The financial burden of kidney failure

Chronic kidney disease (CKD) affects people from socially deprived groups more than others. To make things worse, CKD can put a major strain on personal finances.

Nearly 9 in 10 people with kidney disease surveyed by Kidney Care UK said that their kidney disease increased everyday living costs such as energy. The symptoms of CKD and the burden of treatment can make it very difficult to stay in full time employment.

Kidney Care UK is campaigning so that people with CKD do not face unfair costs because of their health condition. Our work focuses on the following areas:

Counting the cost of dialysis transport

People who undergo life-maintaining dialysis must make three journeys to hospital per week. Some people who travel independently to and from dialysis, rather than using hospital transport, have to pay their own travel costs. Despite NHS England’s promise of free transport for dialysis patients, and although national guidelines are in place, reimbursement is not available for all.

Around the UK devolved nations, reimbursement is available in Wales, but not in all health boards in Scotland and trusts in Northern Ireland.

What we want: wherever you live in the UK, there should be simple and fair reimbursement for travelling to and from dialysis.

Counting the cost of home dialysis energy

For those who choose to, undergoing dialysis at home avoids hospital visits and makes it easier to hold down a job. However, the energy costs of running dialysis machines mean home dialysis is unaffordable for some. Following our campaigning, more people are now receiving reimbursement for energy costs of dialysis, but we will continue to work until it is available to all.

What we want: wherever you live in the UK, there should be simple and fair reimbursement for the costs of home dialysis.

Counting the cost of prescription charges in England

In England, people with kidney failure (where kidney function is below 15%) can face prescription charges for medicines they need to survive. There is no exemption for people who have had a transplant and there is a postcode lottery for people on dialysis, because the guidance is open to interpretation.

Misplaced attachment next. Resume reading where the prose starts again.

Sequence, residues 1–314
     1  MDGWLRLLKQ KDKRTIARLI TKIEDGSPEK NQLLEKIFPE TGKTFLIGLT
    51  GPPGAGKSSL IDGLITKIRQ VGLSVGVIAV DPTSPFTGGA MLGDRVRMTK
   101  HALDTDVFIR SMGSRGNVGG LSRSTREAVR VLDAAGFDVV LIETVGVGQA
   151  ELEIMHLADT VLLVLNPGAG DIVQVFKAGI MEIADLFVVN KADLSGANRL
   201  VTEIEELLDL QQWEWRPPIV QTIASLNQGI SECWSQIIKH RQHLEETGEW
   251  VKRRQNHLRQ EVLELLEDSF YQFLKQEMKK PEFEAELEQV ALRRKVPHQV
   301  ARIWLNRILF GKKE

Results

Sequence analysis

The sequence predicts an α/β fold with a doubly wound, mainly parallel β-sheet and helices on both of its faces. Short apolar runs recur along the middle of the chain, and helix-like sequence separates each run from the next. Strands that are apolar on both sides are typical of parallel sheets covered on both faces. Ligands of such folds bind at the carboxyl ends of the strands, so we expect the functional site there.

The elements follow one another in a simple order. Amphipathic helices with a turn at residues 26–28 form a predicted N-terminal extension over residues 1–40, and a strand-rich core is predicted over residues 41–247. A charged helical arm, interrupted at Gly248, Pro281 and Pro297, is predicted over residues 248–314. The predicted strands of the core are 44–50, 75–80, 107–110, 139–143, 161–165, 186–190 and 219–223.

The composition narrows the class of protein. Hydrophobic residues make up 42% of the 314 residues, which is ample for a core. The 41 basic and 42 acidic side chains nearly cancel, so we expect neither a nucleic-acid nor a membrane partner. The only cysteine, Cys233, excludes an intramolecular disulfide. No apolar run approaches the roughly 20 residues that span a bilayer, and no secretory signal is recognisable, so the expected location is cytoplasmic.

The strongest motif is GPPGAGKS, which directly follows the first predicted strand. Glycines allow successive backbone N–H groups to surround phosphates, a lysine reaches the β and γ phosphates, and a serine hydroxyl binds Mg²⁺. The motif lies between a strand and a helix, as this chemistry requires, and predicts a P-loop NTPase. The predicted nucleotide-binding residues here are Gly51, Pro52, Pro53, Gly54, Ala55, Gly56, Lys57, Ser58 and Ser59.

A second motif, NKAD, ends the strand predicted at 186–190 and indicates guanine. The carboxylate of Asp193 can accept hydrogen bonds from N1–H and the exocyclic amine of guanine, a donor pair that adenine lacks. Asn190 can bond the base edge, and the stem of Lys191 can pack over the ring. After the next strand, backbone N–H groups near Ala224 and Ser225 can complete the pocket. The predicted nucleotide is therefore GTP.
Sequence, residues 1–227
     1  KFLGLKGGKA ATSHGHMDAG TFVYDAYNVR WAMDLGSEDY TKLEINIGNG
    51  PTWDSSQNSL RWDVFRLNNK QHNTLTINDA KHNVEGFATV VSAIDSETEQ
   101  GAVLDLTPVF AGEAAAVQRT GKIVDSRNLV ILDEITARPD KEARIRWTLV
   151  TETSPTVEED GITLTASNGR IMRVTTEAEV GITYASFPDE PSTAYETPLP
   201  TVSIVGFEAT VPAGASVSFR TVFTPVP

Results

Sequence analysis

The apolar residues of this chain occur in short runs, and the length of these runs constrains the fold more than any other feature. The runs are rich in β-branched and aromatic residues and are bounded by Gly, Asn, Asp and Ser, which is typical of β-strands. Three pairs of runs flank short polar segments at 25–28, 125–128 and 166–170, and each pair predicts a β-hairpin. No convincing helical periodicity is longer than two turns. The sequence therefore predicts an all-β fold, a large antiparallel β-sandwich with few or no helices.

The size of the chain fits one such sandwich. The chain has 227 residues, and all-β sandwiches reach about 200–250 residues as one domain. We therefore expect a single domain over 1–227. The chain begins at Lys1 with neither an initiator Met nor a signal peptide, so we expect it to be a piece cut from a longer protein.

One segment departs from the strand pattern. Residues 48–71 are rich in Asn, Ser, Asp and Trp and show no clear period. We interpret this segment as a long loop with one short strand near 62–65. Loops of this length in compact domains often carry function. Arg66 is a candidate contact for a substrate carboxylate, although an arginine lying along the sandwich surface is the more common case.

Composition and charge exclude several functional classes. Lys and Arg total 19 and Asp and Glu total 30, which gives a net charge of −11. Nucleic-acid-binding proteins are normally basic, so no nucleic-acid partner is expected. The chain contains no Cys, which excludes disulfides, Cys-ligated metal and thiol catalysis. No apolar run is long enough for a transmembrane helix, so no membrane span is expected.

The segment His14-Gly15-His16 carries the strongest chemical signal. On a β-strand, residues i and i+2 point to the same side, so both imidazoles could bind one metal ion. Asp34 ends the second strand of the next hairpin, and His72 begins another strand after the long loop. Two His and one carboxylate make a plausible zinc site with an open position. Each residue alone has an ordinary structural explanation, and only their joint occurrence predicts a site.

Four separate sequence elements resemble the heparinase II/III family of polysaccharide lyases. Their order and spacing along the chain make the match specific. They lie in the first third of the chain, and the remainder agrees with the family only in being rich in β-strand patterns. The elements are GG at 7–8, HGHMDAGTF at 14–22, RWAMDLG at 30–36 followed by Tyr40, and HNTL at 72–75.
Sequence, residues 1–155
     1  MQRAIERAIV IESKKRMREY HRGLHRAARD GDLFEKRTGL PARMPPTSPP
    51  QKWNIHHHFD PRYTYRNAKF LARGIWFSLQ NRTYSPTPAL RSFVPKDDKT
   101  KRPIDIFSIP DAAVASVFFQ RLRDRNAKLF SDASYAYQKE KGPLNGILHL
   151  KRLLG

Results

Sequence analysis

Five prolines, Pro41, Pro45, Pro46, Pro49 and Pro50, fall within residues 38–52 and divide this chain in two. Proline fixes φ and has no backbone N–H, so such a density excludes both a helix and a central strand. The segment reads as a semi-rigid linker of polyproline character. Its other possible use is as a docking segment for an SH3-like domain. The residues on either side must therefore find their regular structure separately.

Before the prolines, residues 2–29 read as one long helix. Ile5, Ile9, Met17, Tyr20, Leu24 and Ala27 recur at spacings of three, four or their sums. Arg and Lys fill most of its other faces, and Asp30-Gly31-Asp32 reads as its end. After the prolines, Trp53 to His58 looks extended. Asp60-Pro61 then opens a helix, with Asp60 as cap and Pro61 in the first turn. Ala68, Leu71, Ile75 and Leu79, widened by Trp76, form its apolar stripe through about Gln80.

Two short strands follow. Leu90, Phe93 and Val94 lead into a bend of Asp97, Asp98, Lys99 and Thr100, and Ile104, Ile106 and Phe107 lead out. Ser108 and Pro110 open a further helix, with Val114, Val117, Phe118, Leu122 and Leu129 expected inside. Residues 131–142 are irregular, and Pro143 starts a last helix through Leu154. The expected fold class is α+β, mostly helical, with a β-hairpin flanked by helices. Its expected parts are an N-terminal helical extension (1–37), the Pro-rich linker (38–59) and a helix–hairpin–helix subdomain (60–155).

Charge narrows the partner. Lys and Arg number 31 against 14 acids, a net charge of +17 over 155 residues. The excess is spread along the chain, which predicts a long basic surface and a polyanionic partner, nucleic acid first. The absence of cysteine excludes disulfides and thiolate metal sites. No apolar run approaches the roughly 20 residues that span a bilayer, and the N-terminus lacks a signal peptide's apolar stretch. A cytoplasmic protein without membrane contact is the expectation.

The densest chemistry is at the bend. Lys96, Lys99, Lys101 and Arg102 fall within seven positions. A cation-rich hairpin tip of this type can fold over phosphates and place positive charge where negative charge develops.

What we want: the prescription charging system needs to be overhauled. Kidney patients should be able to access the medication needed to keep them alive at no cost.

Campaigning with you

With your help we have put together the facts to change this.

Kidney Care UK briefings and reports:

Campaigning with others

Kidney Care UK has joined with other charities to campaign against people facing financial hardship because of their health condition.

  • Guarantee Our Essentials: Developing a long-term condition like chronic kidney disease or needing to care for a sick family member – everyone’s circumstances can change. Led by Joseph Rowntree Foundation and the Trussell Trust, this coalition campaigns for Universal Credit to be reformed to ensure everyone can afford the essentials in hard times.
  • Disability Benefits Coalition: this group of over 100 charities works for a benefit system that is fair and accountable, is built on the rights of people with disabilities and supports disabled people to meet the additional costs of disability.
  • Prescription Charging Coalition: this is a group of nearly 40 organisations campaigning to end unfair prescription charges for people with long-term medical conditions.

What support does Kidney Care UK provide?

When you’re struggling with kidney disease, we understand that the additional pressures of trying to make ends meet can make life very difficult. Find out more about the financial support we can provide.

We also provide support to people to ensure they are receiving the benefits to which they are entitled. During 2023, our services secured over £1.5million in financial gains for patients, income they were entitled to but otherwise would not have received.

Our latest policy and campaigning updates

  • General Election 2024

  • The injustice of prescription charges for kidney patients

  • Home dialysis energy reimbursement in Scotland

  • Scottish in-centre dialysis transport: change and improvements urgently required